Authentic 18th century farmhouses also are open for touring: the Miller-Cory House in Westfield; the Salt Box Museum in New Providence; the Osborn Cannonball House in Scotch Plains, adjacent to the town green and across from the Stage House Inn; and the Nathaniel Drake House in Plainfield, with its exhibit, “John Philip Sousa’s Historic Concert in Plainfield, 1892,” and Sousa music on Saturday performed by the Plainfield Academy for the Arts Wind Ensemble.

Venturing into the Watchung Mountains, you’ll visit the Littell-Lord Farmstead in Berkeley Heights, a reminder of the County’s agricultural past; and explore Summit, with its Twin Maples, a stately neoclassical mansion, and the Carter House, the city’s oldest house, which dates back to the 1740’s. Riders on NJ Transit’s Gladstone Branch can catch a local shuttle bus in Berkeley Heights to visit the Littell-Lord Farmstead and the Deserted Village.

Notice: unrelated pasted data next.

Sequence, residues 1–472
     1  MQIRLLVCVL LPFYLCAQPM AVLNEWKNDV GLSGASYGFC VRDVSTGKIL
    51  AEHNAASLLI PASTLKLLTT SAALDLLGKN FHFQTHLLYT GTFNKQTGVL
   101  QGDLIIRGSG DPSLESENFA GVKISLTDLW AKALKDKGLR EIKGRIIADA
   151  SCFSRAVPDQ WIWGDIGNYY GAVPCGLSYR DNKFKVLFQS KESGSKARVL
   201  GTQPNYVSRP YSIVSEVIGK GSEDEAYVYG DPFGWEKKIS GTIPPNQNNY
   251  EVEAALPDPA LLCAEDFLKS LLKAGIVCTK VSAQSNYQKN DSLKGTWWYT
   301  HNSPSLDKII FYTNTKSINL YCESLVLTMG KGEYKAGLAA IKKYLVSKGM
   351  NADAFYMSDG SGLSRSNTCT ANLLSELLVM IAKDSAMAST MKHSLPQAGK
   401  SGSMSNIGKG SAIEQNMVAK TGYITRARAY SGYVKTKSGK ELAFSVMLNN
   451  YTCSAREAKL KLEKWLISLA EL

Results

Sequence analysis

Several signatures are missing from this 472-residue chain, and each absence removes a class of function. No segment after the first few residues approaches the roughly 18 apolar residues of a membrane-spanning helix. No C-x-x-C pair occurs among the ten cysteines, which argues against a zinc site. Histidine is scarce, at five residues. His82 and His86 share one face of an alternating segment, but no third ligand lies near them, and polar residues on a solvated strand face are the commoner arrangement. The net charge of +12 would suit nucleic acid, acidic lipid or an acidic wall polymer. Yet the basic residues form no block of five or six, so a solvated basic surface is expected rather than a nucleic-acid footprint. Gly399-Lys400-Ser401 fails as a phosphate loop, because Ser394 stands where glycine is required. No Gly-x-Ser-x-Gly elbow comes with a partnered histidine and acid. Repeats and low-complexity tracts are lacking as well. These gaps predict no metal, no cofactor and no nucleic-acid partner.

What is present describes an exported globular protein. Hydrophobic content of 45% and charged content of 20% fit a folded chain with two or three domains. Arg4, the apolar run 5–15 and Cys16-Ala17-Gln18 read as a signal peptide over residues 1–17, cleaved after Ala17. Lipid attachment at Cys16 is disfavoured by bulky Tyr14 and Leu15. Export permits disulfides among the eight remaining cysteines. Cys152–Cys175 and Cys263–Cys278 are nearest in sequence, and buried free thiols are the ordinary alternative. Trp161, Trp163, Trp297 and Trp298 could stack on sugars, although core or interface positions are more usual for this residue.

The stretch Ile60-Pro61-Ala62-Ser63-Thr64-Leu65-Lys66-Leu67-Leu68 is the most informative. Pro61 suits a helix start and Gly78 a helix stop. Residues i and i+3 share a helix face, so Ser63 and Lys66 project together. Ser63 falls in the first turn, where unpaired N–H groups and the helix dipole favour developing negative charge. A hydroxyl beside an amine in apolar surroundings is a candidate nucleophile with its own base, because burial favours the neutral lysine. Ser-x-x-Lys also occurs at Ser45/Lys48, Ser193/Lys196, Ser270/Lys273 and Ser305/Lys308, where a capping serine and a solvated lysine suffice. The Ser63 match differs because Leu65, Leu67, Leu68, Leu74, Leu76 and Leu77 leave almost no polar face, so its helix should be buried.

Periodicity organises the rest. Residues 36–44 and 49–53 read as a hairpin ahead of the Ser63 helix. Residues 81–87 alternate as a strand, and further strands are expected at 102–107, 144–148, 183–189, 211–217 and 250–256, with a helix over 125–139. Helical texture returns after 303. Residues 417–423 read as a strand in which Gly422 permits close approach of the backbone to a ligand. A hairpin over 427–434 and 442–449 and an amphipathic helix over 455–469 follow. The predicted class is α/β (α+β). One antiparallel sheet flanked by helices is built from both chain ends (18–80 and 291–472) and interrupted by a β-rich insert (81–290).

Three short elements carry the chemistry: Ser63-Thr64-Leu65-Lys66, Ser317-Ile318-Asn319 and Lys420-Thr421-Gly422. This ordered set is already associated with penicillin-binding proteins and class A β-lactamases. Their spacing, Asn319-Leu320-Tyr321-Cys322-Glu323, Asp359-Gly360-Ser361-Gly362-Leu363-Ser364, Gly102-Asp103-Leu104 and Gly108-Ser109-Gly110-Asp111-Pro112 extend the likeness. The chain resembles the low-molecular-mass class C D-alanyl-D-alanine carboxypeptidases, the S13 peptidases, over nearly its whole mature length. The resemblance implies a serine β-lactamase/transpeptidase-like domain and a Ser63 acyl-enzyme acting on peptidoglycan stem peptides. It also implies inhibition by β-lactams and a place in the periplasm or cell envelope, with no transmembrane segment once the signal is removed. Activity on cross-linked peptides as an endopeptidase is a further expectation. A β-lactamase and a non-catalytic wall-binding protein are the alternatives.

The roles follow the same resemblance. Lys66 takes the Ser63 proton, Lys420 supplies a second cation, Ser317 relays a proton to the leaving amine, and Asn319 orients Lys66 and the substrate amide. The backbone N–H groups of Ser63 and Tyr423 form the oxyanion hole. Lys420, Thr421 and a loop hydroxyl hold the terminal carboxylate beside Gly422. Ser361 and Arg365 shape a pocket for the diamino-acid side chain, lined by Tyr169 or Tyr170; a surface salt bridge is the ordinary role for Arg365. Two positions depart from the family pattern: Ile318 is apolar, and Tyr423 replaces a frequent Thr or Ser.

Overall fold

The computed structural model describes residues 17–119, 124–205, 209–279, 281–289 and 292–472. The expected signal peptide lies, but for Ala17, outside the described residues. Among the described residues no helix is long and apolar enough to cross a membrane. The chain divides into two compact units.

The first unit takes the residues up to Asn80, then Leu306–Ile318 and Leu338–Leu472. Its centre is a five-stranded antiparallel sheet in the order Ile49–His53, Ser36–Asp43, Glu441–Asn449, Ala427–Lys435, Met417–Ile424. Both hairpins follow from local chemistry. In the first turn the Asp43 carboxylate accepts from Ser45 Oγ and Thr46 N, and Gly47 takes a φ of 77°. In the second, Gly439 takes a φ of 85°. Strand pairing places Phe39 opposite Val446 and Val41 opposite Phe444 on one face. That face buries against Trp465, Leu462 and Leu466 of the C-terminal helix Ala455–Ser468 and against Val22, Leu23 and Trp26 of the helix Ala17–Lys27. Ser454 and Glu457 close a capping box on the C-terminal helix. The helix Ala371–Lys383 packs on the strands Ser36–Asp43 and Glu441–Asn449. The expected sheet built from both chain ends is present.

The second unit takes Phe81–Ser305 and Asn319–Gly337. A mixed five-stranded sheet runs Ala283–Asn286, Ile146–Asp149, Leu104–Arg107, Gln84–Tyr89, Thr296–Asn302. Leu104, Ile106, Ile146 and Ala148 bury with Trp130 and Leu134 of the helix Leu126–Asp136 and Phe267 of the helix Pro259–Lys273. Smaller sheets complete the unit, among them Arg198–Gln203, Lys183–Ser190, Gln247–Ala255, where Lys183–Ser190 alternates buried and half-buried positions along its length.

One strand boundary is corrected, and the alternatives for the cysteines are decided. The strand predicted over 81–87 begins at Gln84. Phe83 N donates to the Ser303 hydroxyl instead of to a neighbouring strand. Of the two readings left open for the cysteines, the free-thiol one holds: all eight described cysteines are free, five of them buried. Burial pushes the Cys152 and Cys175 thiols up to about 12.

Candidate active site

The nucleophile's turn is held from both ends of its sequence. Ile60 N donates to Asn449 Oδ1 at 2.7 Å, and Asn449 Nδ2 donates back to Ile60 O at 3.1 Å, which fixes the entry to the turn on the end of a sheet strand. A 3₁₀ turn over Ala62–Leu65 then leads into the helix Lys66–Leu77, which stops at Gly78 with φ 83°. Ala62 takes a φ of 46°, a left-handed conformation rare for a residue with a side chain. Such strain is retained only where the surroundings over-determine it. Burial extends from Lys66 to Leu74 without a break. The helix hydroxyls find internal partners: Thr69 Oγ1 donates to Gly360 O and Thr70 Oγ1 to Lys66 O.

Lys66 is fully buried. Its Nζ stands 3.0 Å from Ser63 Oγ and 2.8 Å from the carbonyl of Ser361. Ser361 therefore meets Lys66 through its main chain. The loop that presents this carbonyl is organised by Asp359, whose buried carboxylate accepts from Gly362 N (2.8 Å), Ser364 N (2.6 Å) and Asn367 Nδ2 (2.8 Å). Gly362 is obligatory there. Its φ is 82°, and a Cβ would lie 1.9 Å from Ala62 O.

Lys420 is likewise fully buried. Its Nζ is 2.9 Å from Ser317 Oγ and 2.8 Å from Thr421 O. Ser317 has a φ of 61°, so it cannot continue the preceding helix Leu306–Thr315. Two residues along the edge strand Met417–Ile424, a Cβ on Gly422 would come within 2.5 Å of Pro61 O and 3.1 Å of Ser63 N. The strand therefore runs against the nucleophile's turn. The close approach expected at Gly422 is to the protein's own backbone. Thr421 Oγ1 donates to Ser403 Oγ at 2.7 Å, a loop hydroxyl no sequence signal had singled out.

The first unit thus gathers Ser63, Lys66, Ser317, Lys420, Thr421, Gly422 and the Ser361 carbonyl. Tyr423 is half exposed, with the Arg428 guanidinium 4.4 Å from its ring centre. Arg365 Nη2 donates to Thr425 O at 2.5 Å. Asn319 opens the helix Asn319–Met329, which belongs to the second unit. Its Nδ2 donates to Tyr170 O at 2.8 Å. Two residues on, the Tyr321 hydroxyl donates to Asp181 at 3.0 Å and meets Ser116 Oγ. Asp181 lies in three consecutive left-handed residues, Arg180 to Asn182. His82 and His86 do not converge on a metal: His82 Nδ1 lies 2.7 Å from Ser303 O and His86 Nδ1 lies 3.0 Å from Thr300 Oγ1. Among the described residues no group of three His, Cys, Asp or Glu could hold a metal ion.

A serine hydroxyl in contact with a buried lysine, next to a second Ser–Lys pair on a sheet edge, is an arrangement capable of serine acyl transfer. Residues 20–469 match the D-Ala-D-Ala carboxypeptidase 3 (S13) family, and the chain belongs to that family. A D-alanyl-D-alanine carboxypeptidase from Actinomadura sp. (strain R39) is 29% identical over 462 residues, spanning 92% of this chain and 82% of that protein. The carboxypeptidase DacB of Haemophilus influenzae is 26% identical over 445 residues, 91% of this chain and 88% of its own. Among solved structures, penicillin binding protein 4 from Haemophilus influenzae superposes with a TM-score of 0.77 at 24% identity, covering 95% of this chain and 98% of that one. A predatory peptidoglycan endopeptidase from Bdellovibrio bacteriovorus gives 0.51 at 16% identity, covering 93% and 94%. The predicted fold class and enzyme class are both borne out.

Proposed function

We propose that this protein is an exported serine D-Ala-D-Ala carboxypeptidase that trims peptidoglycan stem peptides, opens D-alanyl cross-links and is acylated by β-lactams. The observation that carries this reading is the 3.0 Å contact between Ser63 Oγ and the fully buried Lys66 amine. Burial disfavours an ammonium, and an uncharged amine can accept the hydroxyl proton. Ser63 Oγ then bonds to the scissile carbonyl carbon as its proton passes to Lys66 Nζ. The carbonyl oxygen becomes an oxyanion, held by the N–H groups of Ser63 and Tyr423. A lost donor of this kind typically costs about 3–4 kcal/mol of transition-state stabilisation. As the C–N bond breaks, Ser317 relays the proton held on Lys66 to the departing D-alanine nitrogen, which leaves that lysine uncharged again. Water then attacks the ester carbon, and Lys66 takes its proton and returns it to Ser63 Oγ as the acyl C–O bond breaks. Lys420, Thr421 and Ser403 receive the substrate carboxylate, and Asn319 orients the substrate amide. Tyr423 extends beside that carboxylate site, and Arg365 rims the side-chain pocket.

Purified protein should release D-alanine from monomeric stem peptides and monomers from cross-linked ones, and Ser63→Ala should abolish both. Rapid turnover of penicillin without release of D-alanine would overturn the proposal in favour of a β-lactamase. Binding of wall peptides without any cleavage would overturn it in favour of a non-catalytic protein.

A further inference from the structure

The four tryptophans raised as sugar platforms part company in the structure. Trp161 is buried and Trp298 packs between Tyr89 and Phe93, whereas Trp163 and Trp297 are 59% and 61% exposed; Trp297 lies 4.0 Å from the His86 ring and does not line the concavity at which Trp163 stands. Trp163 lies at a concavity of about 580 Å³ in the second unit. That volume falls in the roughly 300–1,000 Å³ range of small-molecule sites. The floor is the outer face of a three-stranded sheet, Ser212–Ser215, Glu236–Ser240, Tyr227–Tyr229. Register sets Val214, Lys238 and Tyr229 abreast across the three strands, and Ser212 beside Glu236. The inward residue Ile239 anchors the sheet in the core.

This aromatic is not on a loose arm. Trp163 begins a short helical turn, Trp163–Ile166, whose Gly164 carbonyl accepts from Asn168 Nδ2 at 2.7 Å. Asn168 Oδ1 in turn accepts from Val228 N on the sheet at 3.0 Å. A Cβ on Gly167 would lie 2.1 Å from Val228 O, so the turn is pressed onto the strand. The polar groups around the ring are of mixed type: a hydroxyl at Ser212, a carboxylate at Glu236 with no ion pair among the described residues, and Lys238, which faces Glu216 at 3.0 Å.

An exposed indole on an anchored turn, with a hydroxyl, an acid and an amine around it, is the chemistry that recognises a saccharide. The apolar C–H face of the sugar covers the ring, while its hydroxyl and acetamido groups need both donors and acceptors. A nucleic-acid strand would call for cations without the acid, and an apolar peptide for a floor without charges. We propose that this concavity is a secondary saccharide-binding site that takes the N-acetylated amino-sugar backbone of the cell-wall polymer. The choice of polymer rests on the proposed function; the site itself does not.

Children can earn a Time Traveler’s Certificate and a Four Centuries Patch by visiting and obtaining a Time Traveler Passport at any of the sites, having it stamped and returning the completed form to the Union County Office of Cultural and Heritage Affairs.

A free copy of the “Four Centuries in a Weekend” tour booklet and map may be downloaded For further information, telephone 908-558-2550 weekdays between 8:30 a.m. and 4:30 p.m., NJ Relay Users dial 711, visit, or e-mail:

Merchants & Drovers Tavern.